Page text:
Having a baby along for this particular adventure made me feel connected to people in a way that I never had. Even though I couldn't understand their words, I knew what their smiles, their gestures, and their warm words implied as they leaned down and spoke so sweetly to my son. Wherever we went, Everett somehow wormed his way into the hearts of everyone we met. I thought he was the apple of my own eye, but oh my! He left those little old Spanish women in a wake.
It made me realize that no matter what the vast differences might be between people, not only the language, but the culture, religion, politics, heck, the OCEAN that lies between the United States and Spain, the practice of adoring babies is truly universal. Young men, old women, children, couples, people of all heritages and walks of life - they approached us with warm eyes and excitable hearts. They wanted to speak to the baby, touch his hands (which made me cringe), and engage with his little presence and personality. They wanted to connect, and my little baby boy was the bridge. The olive branch. The conductor of electricity between us and them. It made me feel very human. Very human and very much a citizen of this vibrant world.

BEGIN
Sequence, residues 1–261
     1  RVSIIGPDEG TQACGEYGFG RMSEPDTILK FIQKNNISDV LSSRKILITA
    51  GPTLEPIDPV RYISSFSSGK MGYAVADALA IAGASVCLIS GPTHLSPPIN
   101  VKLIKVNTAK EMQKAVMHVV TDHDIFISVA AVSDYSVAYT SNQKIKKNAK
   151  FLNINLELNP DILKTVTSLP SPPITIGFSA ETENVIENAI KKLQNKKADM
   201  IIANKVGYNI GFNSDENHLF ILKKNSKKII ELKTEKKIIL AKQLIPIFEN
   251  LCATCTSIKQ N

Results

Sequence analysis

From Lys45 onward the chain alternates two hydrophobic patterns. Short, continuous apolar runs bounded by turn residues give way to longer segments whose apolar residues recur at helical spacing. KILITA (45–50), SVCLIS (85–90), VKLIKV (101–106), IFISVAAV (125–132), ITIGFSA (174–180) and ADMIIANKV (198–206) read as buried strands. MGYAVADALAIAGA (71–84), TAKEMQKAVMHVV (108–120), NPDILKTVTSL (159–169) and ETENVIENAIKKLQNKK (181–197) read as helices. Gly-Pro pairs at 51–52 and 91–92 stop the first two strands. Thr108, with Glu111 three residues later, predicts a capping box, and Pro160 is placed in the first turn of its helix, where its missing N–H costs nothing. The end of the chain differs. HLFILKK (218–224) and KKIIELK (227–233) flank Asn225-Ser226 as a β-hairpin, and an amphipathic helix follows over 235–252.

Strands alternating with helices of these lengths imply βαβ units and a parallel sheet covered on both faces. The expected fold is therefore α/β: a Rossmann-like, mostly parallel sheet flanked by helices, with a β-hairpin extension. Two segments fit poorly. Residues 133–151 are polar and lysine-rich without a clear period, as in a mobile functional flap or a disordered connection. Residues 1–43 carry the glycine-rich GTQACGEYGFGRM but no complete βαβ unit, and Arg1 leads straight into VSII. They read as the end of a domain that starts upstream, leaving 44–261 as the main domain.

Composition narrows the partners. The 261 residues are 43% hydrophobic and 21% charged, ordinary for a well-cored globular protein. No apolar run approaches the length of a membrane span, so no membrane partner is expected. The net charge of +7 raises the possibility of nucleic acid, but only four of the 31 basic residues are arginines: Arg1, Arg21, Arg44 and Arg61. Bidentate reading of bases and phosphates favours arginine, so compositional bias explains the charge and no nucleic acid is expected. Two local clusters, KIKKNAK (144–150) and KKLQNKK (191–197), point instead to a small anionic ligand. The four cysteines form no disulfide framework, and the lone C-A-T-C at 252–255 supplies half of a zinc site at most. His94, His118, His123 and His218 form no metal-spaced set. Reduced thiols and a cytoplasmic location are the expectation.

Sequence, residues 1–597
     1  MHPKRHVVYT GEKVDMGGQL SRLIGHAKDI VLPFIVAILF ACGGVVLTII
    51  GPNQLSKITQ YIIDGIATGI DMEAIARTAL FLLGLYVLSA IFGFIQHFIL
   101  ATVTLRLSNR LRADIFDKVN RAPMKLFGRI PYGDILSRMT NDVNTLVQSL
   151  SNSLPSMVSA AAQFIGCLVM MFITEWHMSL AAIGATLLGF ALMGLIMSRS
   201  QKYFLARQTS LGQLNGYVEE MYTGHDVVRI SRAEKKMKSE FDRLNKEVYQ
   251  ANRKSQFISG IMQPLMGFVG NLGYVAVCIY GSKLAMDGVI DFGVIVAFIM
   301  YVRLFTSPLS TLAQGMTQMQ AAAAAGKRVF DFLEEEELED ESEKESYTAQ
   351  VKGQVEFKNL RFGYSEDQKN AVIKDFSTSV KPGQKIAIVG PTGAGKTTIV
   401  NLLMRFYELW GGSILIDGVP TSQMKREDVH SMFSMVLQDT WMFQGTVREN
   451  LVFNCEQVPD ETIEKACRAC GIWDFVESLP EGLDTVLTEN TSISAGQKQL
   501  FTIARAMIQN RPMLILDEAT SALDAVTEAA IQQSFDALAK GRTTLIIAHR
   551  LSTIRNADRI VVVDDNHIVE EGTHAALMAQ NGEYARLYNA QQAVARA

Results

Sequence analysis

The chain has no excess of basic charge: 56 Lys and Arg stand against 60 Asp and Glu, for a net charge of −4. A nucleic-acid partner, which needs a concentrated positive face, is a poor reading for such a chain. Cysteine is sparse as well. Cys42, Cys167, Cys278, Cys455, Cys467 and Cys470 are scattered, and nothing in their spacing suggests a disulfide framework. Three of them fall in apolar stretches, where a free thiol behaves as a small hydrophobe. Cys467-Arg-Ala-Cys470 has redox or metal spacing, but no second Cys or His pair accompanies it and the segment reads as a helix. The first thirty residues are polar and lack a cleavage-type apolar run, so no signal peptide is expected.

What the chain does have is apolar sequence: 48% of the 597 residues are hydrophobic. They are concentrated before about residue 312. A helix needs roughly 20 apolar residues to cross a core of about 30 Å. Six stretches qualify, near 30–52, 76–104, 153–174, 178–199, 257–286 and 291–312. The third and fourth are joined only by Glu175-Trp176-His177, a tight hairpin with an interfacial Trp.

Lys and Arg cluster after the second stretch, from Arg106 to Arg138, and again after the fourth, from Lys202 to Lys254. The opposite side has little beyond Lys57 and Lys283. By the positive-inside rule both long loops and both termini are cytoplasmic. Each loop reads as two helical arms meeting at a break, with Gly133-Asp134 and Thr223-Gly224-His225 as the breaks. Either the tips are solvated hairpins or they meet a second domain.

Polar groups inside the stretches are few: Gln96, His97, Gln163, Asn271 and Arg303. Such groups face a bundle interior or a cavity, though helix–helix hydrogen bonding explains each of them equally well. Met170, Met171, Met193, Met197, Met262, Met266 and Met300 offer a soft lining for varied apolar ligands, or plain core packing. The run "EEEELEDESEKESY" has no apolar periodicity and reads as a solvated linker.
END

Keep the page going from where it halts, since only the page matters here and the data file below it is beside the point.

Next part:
I feel insanely grateful that I had opportunity to experience this rich city just like this - as a wife and a mother, and a student of the world, exploring the Earth with my treasured ones.